This means you must know how to clean a horse hoof properly so that your horse remains sound. Here’s what you’re going to want to do.

#1. Get in there with a hoof pick.

That dried-out toxic sludge must come out for the horse to remain happy and healthy. Grab a good hoof pick and get in there, removing any rocks, grass, dirt, and the ever-present manure that tends to cake up. Once you get all the dried gunk out of there, you’ll want to follow up with a stiff-bristled brush to clean away any debris that is lingering in the sole.

If it is visible, it needs to come out. Any debris that remains can potentially damage the hoof and injure the horse. 

As you’re using that hoof pick, make sure that you’re taking a good look at the hoof itself. This is a great time to look for any puncture injuries, cracks in the hoof, or abscesses. You’ll also be able to tell if you’ve got a case of thrush that needs to be treated here in this first step.

Have the horse pick up the foot and then hold it to offer support. Start picking out on one side and then work your way across the hoof. Pay attention to the area where the sole of the hoof meets the outer hoof capsule.

#2. Inspect the shoes of the horse.

Once you’re confident that you’ve removed the toxic sludge from the hoof, it’s time to take a look at the shoes. Horseshoes have the nasty habit of moving to the side of the hoof, pulling away from it, or bending because the horse is practicing for its racing dreams while being turned out. A shoe that is not properly positioned can cause a severe injury, either from the metal of the shoe itself or from the nails or cinches that were used to affix it.

If a shoe has been thrown, you’ll need to remove it. Your local farrier can teach you how to do this if you’re not sure of your current skills.

#3. Repair the hoof as needed.

If you have found cracks in the hoof or other injuries that need to be addressed, then you’ll want to work on repairing the hoof as much as possible. Hoof cracks are not breed or activity specific and their presence can tell you a lot about what the horse is experiencing.

Hoof cracks are also very common. Don’t panic. Just get to work.

Horizontal hoof cracks can be evidence of a ruptured abscess or an injury. These will usually grow out in time, but if the horse seems a bit lame, you may wish to bring in your veterinarian.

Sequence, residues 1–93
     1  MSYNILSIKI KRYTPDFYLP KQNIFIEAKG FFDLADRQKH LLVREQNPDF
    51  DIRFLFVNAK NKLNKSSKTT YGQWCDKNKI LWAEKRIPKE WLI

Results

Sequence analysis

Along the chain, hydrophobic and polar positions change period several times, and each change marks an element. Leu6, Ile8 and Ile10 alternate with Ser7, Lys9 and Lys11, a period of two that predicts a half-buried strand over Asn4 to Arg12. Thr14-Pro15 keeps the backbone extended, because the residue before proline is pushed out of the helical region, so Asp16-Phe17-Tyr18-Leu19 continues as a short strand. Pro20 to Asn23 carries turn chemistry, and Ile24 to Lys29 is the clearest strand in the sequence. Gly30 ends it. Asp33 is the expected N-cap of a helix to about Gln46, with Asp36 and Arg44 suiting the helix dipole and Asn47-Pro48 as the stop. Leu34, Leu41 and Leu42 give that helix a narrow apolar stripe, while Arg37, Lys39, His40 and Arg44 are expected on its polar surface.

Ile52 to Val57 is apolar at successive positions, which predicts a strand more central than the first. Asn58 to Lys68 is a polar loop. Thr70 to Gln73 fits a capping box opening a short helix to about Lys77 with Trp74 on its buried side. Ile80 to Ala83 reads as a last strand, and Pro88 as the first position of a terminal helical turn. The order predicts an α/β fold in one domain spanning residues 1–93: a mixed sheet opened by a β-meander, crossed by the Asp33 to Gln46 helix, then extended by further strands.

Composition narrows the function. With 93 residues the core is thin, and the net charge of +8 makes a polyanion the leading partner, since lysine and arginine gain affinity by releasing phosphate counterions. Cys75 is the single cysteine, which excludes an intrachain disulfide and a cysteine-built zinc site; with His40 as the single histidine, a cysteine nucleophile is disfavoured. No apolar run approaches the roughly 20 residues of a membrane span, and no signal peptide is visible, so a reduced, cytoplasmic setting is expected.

Vertical cracks are much more common and may be complete or incomplete, affecting any portion of the hoof. They can occur suddenly or occur over a long period of time. Repair involves making sure the foot is properly trimmed and balanced, with all dead or loose materials removed. Then have a hoof repair kid on-hand so you can stabilize the crack, protect the damaged wall, and eliminate any bleeding or pain that may be happening.

#4. Give the horse some healthy hoof stuff in the feed.

Hoof supplements in the feed can really help to improve overall hoof health and keep each foot healthy even when the horse is mucking about. Look for supplements that include zinc or biotin for the best results. Other products that help to encourage keratin or protein growth will also help the hoof.

Many horses have specific dietary needs that must be met, so speaking to your veterinarian about the nutritional needs of your horse will be a good idea.

#5. Hoof moisture: you need some, but you don’t want it all.

If the hoof receives no moisture at all, then it will begin to dry out and this can encourage cracking. If the hoof receives too much moisture, then it will begin to soften and leave the horse more susceptible to an impact injury. To manage this moisture, consider using a topical conditioner as part of the cleaning process.

This will help to lock in the right amount of moisture while providing hooves that are hot and dry with some of the nutrients that they need. If you have a horse that is particularly sensitive to moisture changes, you may also wish to apply a sealant in the final stages of the horse hoof cleaning process.

#6. Get the horse out of the mud.

If you are turning out your horse into a muddy field or enclosure, then you’re going to give yourself a future headache. Too much mud and muck causes hoof moisture content to change, providing the foundation for an infection, thrush, or loosened shoes to cause a lot of havoc. Mud also causes slipping, falling, and a general mess that can take forever to groom out.

Having a level pasture can solve a lot of problems. Fill-in holes to prevent water buildup. Having a run-in shelter will also make sure that your horse always has some access to dry ground.

#7. Let the horse have some exercise.

Exercise encourages hooves to grow and strengthen. This allows the horse to have better health because the feet feel better. Encourage the horse to play games, run around, or go for a nice, long trail ride on a frequent basis. Having a protected pasture space will also encourage the horse to explore and get some movement.